Analysts: Harley investors shouldn't sweat sales

Analysts back 'Buy' ratings for Harley-Davidson, say not to worry about weaker sales

Associated Press

NEW YORK (AP) -- A pair of analysts said Friday that while Harley-Davidson Inc.'s first-quarter sales may pale in comparison to those of a year ago, they still look pretty good and investors shouldn't worry.

THE BACKGROUND: Helped by early spring weather and a rebounding U.S. economy, the Milwaukee-based motorcycle maker posted a 20 percent increase in sales for the first quarter of 2012 that included a 26 percent jump in U.S. sales.

But the steep year-ago jump will make it tougher for the company to post a big increase for the first quarter of this year

THE OPINIONS: Citi analyst Gregory Badishkanian said that based on checks with Harley dealers, the company's February U.S. sales were likely flat in both January and February, which investors will probably view favorably given the steep sales jump a year ago.

But he noted that the company's March sales will be key in light of the fact that they generally represent about half of the company's first-quarter sales and mark the start of its spring selling season.

Badishkanian, who backed his "Buy" rating for the stock, added that sales comparisons should ease as the year progresses and the company should get a boost from innovative new 2014 model year products starting in the third quarter. He predicted a U.S. sales increase in the "mid- to high-single-digits" for the full year.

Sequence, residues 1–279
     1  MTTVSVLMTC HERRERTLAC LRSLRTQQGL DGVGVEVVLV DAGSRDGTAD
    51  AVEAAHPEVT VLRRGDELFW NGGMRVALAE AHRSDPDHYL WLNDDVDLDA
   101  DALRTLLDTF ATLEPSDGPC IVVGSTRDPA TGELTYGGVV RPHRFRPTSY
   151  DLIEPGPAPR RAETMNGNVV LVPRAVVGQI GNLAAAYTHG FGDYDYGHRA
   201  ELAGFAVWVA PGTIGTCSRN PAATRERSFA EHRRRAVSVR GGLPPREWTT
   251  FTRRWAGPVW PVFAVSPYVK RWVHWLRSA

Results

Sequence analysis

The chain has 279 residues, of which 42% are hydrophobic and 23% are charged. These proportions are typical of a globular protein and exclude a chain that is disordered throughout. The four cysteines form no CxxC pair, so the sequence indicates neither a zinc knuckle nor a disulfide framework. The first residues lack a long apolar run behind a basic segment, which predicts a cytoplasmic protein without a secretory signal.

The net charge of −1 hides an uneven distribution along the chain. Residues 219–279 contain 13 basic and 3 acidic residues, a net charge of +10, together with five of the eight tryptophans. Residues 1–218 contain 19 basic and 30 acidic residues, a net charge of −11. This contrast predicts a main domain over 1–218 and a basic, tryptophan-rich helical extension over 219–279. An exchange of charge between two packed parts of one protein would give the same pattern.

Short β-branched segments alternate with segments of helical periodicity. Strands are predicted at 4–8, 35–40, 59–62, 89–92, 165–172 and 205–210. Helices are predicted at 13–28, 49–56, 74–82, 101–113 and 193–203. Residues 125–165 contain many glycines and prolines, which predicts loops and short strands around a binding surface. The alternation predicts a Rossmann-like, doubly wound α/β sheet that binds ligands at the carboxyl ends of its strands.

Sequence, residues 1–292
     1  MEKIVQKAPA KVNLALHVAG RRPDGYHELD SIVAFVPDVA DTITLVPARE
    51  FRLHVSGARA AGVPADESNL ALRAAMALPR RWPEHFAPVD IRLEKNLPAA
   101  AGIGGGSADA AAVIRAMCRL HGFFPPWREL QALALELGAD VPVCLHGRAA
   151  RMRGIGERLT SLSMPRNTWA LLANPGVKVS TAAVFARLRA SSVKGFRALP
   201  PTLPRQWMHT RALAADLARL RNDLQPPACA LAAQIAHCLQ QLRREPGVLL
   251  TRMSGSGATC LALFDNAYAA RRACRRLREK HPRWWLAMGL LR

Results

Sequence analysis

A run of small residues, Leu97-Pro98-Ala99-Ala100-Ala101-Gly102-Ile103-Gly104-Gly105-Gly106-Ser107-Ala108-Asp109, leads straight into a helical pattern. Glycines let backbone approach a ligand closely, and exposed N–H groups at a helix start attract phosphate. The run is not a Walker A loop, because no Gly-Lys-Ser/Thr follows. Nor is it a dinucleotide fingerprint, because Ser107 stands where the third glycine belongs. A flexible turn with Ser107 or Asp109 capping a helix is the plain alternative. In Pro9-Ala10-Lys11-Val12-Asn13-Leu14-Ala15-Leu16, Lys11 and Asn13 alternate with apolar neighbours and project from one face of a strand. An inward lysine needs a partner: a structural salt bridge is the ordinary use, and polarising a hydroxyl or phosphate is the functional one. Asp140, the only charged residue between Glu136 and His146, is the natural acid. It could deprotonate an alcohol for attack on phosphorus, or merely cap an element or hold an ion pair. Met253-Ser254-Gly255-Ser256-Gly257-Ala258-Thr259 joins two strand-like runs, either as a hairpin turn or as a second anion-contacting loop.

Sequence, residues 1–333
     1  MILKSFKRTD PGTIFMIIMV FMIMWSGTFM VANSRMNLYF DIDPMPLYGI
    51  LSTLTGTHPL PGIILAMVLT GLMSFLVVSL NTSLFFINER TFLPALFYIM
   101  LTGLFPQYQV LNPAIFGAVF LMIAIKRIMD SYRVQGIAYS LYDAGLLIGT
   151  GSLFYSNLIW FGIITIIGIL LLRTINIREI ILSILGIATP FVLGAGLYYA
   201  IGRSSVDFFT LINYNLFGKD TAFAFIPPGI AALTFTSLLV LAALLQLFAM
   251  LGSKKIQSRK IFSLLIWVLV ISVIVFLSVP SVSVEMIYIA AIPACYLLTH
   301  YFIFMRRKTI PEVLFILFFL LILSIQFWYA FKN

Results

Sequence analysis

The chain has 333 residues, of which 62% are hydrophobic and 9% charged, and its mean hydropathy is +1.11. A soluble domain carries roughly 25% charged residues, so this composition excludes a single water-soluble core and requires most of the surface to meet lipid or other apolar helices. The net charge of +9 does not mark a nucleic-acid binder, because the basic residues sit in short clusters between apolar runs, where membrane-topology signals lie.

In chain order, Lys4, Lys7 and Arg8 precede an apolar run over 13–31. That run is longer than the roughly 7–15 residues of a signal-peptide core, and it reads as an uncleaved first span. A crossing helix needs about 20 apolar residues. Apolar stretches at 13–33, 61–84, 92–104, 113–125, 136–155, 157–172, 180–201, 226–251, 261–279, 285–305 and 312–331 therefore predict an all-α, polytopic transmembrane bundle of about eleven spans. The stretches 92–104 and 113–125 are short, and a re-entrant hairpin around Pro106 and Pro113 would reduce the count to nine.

KeyBanc analyst Scott Hamann, who also rated the stock a "Buy," said he thinks the company's sales are currently running slightly below year-ago levels, which given the year-ago sales jump is fine.

Hamann said that at its current price, the stock remains attractive and the company has the potential to beat what he sees as "muted" early season expectations.

THE SHARES: Up 24 cents to $55.16, after peaking at $55.51 earlier in the session. That's the highest price since 2007. Since the beginning of this year, Harley shares have risen about 10 percent.

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